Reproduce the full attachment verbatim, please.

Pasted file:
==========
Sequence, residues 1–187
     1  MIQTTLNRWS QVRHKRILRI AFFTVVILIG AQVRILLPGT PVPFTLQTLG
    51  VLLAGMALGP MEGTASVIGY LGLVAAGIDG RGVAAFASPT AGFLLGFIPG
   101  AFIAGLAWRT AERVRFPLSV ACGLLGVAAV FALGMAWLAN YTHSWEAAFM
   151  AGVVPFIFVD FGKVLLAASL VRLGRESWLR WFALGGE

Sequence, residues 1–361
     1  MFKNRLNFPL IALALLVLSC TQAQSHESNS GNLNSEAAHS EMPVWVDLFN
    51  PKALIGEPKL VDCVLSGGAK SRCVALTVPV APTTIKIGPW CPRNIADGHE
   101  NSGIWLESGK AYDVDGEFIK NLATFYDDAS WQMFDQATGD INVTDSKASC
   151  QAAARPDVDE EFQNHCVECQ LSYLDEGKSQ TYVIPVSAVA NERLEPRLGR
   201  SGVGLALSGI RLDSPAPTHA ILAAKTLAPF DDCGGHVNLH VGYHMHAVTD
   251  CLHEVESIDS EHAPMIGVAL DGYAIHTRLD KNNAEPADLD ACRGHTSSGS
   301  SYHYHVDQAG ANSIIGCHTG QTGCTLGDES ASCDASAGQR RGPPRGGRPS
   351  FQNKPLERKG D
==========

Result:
Sequence, residues 1–187
     1  MIQTTLNRWS QVRHKRILRI AFFTVVILIG AQVRILLPGT PVPFTLQTLG
    51  VLLAGMALGP MEGTASVIGY LGLVAAGIDG RGVAAFASPT AGFLLGFIPG
   101  AFIAGLAWRT AERVRFPLSV ACGLLGVAAV FALGMAWLAN YTHSWEAAFM
   151  AGVVPFIFVD FGKVLLAASL VRLGRESWLR WFALGGE

Sequence, residues 1–361
     1  MFKNRLNFPL IALALLVLSC TQAQSHESNS GNLNSEAAHS EMPVWVDLFN
    51  PKALIGEPKL VDCVLSGGAK SRCVALTVPV APTTIKIGPW CPRNIADGHE
   101  NSGIWLESGK AYDVDGEFIK NLATFYDDAS WQMFDQATGD INVTDSKASC
   151  QAAARPDVDE EFQNHCVECQ LSYLDEGKSQ TYVIPVSAVA NERLEPRLGR
   201  SGVGLALSGI RLDSPAPTHA ILAAKTLAPF DDCGGHVNLH VGYHMHAVTD
   251  CLHEVESIDS EHAPMIGVAL DGYAIHTRLD KNNAEPADLD ACRGHTSSGS
   301  SYHYHVDQAG ANSIIGCHTG QTGCTLGDES ASCDASAGQR RGPPRGGRPS
   351  FQNKPLERKG D